A trial court erred in ordering a new trial after a jury returned a general verdict in favor of the estate of an electrician who wired a barn where a teenager was electrocuted in 2010, the Indiana Court of Appeals ruled Wednesday.
A Noble County jury ruled in favor of the estate of Gary Pfafman, who had years earlier assisted in the wiring of outbuildings on the farm of his brother-in-law, Roger Diehm. He also had wired but not connected electricity for trough de-icers that Diehm installed years later, but without code-required breakers or circuit interrupters.
Kole Craig, 16, was socializing with Diehm’s children on the farm on the evening of July 28, 2010, after a thunderstorm had struck a tree on the farm earlier, which burned outlets in the farm’s house. When a younger child found a dead cow, Craig went to investigate with another child and was fatally shocked on a gate that was electrified after the storm.
Cole’s estate sued numerous parties including Diehm and manufacturers connected to the de-icers who settled separately. But a jury ruled in favor of Pfafman’s estate, finding among other things that he had instructed Diehm about precautions he would need to take if he installed de-icers, and that Diehm incorrectly wired them and failed to properly maintain them. The court found the lightning strike caused the de-icer to malfunction and short-circuit.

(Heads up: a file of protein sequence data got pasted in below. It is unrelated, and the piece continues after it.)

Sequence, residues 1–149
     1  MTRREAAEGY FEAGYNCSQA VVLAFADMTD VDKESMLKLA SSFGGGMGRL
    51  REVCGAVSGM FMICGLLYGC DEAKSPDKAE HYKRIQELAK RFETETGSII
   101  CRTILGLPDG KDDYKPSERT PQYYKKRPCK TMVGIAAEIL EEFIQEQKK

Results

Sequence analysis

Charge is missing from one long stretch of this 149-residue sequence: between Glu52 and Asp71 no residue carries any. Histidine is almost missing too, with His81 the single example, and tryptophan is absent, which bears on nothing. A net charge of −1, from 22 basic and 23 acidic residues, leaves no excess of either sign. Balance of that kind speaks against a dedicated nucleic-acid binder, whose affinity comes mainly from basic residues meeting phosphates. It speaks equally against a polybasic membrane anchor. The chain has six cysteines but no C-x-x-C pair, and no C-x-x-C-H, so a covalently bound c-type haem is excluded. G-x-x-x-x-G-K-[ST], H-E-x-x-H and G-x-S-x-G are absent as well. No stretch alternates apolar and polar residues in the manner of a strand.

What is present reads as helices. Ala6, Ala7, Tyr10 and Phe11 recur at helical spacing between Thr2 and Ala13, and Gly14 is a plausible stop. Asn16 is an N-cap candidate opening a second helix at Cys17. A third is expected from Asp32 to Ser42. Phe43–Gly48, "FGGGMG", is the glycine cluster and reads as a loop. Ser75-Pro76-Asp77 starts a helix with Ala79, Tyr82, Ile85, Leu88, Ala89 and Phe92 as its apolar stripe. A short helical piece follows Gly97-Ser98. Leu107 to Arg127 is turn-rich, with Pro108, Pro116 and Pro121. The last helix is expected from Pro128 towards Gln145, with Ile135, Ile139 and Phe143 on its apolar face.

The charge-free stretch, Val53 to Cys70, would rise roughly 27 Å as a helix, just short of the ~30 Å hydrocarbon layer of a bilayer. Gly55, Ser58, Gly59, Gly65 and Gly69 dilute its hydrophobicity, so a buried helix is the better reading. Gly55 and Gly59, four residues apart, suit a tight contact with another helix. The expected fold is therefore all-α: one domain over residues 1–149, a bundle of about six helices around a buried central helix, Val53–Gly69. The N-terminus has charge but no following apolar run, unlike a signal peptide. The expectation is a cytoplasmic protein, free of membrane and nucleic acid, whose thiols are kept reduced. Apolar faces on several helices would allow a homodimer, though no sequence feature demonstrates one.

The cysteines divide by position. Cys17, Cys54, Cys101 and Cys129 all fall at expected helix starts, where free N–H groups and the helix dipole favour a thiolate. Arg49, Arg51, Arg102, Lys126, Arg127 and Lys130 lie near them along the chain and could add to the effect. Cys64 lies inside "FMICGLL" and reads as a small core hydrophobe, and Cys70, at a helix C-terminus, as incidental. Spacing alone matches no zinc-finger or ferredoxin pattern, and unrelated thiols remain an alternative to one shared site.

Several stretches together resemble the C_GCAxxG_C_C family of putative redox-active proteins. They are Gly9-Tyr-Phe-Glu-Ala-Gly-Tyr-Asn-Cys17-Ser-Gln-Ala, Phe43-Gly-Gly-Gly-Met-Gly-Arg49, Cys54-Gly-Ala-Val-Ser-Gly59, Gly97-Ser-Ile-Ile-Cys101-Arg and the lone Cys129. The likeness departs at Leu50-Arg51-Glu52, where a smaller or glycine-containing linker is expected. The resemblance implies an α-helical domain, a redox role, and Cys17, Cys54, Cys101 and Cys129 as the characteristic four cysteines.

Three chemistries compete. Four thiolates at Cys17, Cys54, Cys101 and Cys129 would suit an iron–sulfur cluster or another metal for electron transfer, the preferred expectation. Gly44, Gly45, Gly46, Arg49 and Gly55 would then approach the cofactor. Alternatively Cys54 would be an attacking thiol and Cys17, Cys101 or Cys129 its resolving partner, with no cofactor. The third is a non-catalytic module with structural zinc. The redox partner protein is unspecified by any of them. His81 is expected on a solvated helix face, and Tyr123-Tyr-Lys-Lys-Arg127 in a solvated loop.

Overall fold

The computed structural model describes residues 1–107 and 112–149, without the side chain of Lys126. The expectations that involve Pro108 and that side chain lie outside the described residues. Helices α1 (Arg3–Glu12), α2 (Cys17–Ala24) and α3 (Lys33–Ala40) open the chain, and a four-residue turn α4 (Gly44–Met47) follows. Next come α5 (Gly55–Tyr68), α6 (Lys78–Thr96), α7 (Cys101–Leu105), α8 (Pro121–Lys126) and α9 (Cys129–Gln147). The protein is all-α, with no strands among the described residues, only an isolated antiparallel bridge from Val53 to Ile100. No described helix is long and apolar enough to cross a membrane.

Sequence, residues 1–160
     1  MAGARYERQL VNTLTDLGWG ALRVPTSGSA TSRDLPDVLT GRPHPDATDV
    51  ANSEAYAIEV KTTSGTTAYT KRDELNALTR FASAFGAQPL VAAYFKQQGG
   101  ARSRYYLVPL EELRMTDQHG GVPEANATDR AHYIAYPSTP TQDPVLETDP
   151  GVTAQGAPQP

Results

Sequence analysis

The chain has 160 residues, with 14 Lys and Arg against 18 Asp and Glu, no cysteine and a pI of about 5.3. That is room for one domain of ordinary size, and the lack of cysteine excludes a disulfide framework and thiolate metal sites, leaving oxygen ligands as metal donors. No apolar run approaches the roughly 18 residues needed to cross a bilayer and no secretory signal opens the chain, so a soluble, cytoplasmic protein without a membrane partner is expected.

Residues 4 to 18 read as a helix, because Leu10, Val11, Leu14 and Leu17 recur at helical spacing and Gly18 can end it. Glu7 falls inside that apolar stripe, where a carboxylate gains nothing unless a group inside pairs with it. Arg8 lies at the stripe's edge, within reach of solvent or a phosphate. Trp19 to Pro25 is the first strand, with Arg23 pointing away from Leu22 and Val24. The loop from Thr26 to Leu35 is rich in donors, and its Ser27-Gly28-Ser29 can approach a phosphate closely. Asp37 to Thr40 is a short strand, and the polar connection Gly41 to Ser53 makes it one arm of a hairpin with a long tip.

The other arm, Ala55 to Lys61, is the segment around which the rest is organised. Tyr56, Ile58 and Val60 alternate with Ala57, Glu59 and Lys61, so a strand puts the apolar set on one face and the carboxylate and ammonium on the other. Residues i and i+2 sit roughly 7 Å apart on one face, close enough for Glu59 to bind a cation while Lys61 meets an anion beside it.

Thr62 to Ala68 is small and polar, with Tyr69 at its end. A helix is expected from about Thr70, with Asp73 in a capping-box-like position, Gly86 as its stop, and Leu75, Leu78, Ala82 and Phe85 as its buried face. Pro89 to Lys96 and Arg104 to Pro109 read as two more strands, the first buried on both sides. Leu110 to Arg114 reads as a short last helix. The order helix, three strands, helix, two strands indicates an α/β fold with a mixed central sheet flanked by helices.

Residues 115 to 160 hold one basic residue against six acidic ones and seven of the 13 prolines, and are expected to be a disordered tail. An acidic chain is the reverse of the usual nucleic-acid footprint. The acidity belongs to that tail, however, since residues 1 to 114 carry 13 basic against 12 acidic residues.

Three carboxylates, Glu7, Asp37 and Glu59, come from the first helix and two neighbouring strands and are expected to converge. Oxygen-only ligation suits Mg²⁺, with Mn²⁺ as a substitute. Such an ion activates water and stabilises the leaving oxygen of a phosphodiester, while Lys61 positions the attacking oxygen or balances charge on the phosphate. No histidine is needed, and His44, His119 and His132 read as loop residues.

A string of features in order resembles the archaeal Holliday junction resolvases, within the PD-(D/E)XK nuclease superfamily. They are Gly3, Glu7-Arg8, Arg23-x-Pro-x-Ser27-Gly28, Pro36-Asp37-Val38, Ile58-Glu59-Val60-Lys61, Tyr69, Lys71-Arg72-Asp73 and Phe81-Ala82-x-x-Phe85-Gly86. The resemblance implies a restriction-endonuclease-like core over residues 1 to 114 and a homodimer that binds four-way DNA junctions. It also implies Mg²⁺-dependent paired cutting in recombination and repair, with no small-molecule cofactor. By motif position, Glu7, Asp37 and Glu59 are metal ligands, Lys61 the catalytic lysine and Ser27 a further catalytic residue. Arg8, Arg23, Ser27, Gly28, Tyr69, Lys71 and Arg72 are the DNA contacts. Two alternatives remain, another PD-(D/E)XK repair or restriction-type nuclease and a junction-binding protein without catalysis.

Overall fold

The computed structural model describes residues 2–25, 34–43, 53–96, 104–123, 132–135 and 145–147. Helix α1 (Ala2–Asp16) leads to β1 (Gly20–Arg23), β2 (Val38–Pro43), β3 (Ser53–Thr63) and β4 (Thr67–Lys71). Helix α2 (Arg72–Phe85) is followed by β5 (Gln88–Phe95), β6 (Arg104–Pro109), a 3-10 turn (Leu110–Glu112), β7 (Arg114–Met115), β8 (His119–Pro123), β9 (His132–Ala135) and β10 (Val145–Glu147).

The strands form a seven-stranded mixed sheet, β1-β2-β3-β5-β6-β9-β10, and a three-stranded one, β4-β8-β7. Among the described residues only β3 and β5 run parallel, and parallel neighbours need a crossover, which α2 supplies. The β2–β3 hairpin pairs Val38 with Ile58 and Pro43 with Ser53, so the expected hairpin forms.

But Craig’s estate moved for and was granted a new trial under Trial Rule 59(J), which allows courts to grant new trials to correct an error in prior proceedings. In its findings granting a new trial, the trial court found that Pfafman violated the national electrical code and the verdict was against the weight of the evidence.
The Court of Appeals disagreed and reversed the grant of a new trial in The Estate of Gary Pfafman v. Lori Lancaster, Individually, and as Guardian of the Estate of Kole Craig, 57A03-1603-CC-516 .
“(T)he trial court’s order omits any meaningful analysis of the evidence, including testimony by Craig’s Estate’s own witnesses, that Diehm and Farm Innovators proximately caused Craig’s injuries,” Judge Edward Najam wrote for the majority joined by Judge John Baker. “Given the evidence that there were several but-for causes of Craig’s injuries attributable to the nonparties, the jury was entitled to allocate 100% fault to one or both of the nonparties and 0% to Pfafman. Accordingly, we reverse the trial court’s order and reinstate the jury’s verdict in favor of Pfafman’s Estate,” Najam wrote.
Chief Judge Nancy Vaidik concurred with the result but wrote separately in the 34-page opinion. “I respectfully disagree with the majority that a jury is allowed to find an actor proximately caused an injury, yet decline to allocate a percentage of fault to that actor.”